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Alibaba profit up 37% but revenue growth eases
[SHANGHAI] Chinese e-commerce leader Alibaba said Wednesday that net profit increased 37 per cent in the latest quarter as growth in cloud computing and other business lines helped offset a slowing expansion in core online retail.
Net profit reached 33.0 billion yuan ($4.9 billion) in the October-December third quarter.
Alibaba dominates China's emerging consumer culture and its corporate results were widely anticipated for any signs that a worsening Chinese economic slowdown and the US-China trade tussle were turning off shoppers.
Revenue growth, the key measure of the company's business health, indeed slowed in the quarter. Overall company revenues reached 41 per cent while turnover in core e-commerce was 40 per cent.
Most companies would envy such a performance, but that was the slowest increase in more than two years for a company accustomed to increases of 50 or even 60 per cent.
A consensus of analysts polled by Bloomberg had forecast a revenue rise of nearly 44 per cent.
Chinese GDP grew 6.6 per cent in 2018, the slowest rate in 28 years, according to official figures that sparked concern globally about the world's second-largest economy.
Alibaba's earnings announcement made no mention of the country's economic slowdown, as CEO Daniel Zhang focused on the growing contribution of forward-looking segments like cloud computing and data.
"Our growth is also driven by the power of Alibaba's cloud and data technology that helps expedite the digital transformation of millions of enterprises," Mr Zhang said.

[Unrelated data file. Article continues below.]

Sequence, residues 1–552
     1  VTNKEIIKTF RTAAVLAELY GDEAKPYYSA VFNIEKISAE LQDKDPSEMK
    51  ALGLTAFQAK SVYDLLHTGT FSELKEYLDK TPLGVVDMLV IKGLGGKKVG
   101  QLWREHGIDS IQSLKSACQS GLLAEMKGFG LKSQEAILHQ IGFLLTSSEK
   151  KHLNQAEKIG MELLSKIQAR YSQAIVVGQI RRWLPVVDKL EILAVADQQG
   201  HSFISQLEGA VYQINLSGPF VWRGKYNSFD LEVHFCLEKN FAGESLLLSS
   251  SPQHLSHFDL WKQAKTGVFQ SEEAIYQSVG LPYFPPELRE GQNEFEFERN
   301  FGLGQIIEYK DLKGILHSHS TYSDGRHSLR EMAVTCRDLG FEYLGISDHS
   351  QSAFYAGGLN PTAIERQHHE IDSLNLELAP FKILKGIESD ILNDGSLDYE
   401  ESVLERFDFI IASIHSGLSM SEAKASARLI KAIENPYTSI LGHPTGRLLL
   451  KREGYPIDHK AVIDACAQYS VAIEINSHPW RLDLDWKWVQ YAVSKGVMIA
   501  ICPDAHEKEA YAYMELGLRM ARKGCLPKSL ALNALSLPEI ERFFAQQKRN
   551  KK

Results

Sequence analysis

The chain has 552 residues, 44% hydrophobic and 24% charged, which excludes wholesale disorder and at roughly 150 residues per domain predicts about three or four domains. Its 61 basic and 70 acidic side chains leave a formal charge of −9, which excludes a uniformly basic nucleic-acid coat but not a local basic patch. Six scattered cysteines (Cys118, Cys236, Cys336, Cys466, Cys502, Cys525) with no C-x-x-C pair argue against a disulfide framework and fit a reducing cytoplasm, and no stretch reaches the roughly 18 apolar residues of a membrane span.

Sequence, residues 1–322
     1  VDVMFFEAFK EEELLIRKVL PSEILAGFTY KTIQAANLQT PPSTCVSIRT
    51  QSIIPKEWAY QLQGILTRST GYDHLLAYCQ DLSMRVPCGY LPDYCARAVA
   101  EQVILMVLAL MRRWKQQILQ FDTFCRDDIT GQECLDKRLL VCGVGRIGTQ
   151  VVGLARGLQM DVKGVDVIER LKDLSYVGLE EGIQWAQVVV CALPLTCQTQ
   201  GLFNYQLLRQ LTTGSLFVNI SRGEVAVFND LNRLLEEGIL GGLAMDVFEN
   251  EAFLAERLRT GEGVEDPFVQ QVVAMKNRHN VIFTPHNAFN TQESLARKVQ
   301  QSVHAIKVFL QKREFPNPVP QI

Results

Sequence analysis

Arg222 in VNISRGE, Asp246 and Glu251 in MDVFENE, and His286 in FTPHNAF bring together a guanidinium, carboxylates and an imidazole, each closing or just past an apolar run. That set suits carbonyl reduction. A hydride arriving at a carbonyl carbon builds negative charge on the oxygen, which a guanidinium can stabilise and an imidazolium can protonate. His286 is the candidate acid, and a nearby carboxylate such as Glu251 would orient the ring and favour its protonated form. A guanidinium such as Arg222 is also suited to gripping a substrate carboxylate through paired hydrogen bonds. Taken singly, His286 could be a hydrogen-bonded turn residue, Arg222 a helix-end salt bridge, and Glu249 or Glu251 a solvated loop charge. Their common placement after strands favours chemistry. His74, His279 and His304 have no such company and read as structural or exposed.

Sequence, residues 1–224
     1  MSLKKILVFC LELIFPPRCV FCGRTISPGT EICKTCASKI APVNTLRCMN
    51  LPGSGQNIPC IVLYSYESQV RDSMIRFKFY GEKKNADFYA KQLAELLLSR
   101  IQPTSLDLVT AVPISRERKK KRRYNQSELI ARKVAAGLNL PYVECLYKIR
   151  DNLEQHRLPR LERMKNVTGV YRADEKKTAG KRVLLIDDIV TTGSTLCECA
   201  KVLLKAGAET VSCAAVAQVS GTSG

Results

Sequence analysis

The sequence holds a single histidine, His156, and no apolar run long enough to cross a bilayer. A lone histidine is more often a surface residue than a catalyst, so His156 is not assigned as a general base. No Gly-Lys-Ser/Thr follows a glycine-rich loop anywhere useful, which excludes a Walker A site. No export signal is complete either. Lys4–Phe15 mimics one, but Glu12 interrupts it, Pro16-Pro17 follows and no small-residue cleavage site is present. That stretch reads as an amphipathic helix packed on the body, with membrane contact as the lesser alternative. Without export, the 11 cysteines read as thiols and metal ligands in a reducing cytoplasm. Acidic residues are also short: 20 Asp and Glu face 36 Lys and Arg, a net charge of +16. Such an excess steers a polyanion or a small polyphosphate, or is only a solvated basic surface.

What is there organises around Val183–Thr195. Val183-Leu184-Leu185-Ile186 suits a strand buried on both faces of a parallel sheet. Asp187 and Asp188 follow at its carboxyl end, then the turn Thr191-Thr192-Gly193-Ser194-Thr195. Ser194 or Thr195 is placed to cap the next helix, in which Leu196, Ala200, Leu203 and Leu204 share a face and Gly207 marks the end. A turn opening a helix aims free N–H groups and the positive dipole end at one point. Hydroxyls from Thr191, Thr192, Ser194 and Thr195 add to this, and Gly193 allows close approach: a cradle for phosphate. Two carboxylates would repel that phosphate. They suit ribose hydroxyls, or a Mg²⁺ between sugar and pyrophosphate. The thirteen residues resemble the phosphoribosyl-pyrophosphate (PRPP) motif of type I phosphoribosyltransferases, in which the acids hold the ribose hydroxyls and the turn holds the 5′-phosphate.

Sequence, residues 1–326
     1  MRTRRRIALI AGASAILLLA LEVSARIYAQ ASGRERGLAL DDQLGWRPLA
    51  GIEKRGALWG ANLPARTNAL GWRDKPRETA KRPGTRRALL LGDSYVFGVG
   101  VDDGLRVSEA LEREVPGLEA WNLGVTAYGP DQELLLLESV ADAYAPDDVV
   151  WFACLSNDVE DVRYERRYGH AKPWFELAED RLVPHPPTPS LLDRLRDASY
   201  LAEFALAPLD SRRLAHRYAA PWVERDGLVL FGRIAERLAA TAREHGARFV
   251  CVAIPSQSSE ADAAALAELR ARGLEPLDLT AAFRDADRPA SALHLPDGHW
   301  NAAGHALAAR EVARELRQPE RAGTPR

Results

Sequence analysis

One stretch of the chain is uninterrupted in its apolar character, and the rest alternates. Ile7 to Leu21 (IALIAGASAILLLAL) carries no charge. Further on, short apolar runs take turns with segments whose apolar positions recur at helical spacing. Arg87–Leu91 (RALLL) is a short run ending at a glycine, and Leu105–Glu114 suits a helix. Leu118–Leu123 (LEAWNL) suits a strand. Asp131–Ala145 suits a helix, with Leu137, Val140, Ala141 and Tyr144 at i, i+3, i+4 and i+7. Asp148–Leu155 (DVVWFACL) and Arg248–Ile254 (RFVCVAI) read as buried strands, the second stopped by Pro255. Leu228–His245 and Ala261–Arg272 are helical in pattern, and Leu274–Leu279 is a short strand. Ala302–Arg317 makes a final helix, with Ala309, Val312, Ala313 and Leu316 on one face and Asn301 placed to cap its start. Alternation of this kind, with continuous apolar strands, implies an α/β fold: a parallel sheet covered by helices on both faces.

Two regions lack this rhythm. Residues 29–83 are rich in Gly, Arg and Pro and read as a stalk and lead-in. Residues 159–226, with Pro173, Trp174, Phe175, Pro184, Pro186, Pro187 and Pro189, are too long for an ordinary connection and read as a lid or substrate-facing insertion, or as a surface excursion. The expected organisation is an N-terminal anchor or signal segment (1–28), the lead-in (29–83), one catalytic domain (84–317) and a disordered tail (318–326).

Analysts expect the Chinese internet sector to face headwinds this year due to domestic economic woes and the trade tensions.
Investment research house CLSA said in a recent report that consumer spending will slow in 2019 and that Chinese e-commerce firms can "anticipate a tougher business environment" unless Beijing adopts aggressive stimulus measures.
Alibaba announced in September that charismatic founder Jack Ma would step down in 12 months, adding to questions about its future.
But analysts expect Chinese consumer spending to continue to rise steadily.
"As Chinese consumers upgrade their lifestyles, they will purchase higher-quality products as well as more services and entertainment," CLSA said, adding that Alibaba was well-placed to profit from this.
Companies like Alibaba are at the nexus of a national economic strategy to encourage more domestic consumer spending and thereby lessen the reliance on fickle foreign demand for Chinese exports.
US research firm eMarketer said in a report this month that China will surpass the United States in consumer spending in 2019, reaching US$5.64 trillion, with more growth expected ahead.
It said online buying would account for 35 per cent of all Chinese retail sales - compared to the US's 10.9 percent - with Alibaba handling 53 per cent of that.
Besides expanding its cloud services, Alibaba is tapping overseas markets and pouring money into what it calls "new retail", which optimises in-store sales and service using data culled online.